In a criminal trial, a jury of your peers determines whether you are innocent or guilty of the crime with which you are charged. The jury comes to this decision by listening to witness testimony, evaluating the evidence presented, and considering the arguments of the prosecution and the defense. After hearing everything, the jury then meets to discuss and decide the outcome of your case. But what happens if it is obvious that you committed the crime? Is the jury required to find you guilty? Can the jury disagree with the letter of the law and let you go?
Jury nullification is when a jury refuses to follow the law and finds a criminal defendant either guilty or not guilty of a crime regardless of the facts. Generally, jurors are supposed to be unbiased bystanders who simply observe and make a final decision in a criminal matter. However, since jurors are human, this is not always the case. Although juries are supposed to follow the letter of the law and not decide what the law should be, juries sometimes use jury nullification in order to bypass written law. There are many reasons why jury nullification occurs, but the following are some of the more common reasons:
- Disagreement with the law;
- Emotions regarding the crime or the defendant;
- Disagreement with the punishment for a crime; or
- Disapproval of how the law is being applied;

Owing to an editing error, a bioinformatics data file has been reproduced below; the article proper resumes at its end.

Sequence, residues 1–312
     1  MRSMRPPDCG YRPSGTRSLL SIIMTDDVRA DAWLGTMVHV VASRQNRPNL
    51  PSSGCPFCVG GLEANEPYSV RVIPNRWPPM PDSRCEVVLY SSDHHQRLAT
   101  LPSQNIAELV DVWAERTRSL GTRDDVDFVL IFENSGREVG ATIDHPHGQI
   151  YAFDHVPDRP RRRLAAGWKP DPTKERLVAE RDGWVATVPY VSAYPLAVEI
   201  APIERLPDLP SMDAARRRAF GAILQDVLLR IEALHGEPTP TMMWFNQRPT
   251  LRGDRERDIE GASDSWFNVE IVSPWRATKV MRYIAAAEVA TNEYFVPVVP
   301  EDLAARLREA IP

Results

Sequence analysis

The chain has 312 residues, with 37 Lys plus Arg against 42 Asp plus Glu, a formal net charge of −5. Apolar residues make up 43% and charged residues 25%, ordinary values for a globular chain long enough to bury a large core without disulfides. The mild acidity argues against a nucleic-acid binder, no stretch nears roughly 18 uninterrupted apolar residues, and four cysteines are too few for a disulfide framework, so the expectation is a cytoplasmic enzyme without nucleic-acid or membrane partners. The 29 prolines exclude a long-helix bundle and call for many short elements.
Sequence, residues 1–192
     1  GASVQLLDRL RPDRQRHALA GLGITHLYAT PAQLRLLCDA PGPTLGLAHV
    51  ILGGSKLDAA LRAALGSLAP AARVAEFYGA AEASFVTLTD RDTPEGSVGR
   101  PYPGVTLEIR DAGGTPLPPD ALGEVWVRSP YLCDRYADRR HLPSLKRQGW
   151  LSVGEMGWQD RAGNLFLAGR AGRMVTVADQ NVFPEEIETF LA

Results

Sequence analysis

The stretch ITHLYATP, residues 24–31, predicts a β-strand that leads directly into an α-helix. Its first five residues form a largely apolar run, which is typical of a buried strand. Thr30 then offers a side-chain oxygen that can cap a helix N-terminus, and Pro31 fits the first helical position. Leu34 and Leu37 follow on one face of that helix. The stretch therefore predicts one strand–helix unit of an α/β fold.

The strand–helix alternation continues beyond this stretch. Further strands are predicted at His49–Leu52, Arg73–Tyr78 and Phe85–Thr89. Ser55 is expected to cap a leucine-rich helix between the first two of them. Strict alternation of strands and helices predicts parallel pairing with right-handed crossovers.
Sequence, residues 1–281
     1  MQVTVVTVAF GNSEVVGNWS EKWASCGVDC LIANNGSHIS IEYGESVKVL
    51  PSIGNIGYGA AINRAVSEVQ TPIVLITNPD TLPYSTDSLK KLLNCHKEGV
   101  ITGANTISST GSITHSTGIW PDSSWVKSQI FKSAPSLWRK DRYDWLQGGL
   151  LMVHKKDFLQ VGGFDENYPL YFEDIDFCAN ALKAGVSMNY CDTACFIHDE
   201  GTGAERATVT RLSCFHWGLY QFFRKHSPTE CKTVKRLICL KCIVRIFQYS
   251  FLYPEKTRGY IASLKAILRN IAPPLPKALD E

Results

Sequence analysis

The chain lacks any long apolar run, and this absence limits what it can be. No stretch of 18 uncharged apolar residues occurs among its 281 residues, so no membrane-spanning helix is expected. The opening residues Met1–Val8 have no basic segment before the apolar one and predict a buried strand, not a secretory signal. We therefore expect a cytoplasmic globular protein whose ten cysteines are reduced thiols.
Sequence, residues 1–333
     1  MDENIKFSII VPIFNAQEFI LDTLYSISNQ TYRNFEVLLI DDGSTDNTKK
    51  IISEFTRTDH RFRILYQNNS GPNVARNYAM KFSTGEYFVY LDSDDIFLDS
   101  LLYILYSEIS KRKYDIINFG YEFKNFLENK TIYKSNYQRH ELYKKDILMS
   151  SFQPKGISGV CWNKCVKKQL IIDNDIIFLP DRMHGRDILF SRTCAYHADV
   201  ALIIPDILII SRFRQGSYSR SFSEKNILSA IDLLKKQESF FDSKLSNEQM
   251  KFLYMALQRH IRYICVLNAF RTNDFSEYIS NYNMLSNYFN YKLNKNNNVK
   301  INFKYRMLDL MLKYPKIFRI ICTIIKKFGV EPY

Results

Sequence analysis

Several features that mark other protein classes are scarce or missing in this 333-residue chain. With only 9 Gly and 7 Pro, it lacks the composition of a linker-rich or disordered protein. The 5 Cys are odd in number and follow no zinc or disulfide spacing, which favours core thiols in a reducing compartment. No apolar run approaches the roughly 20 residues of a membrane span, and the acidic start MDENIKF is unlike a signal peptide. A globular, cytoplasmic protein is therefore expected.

Jury Nullification Effects
Although jury nullification seems to allow juries to circumvent the law, this does not mean that juries can legislate from the jury box and create new laws. Just because a jury in a trial uses jury nullification, this does not change the fact that the law the jury disagrees with is still the law. However, if jury nullification for a particular crime becomes commonplace, the law could become practically invalid since juries refuse to follow it. That behavior could lead the legislature to change the law in order to bring an end to future jury nullification.
Repercussions for Jury Nullification
Can the jury get in trouble for using jury nullification? Typically, the answer to this question is no. Jurors can’t be punished for their verdict in a trial, even if seems to violate the letter of the law. Additionally, a person who has been found not guilty of a crime due to jury nullification cannot be tried again. This is due to the fact that a second trial would violate the prohibition against double jeopardy given in the Constitution. However, a person who is convicted of a crime due to jury nullification can have their conviction overturned through the process of appeal or directly by the judge in certain states or jurisdictions.
If you or someone you know have been charged with a crime, it is important to consult with an experienced criminal defense attorney that can help zealously defend your case. Contact Us at Minick Law, P.C. for a free consultation on your case.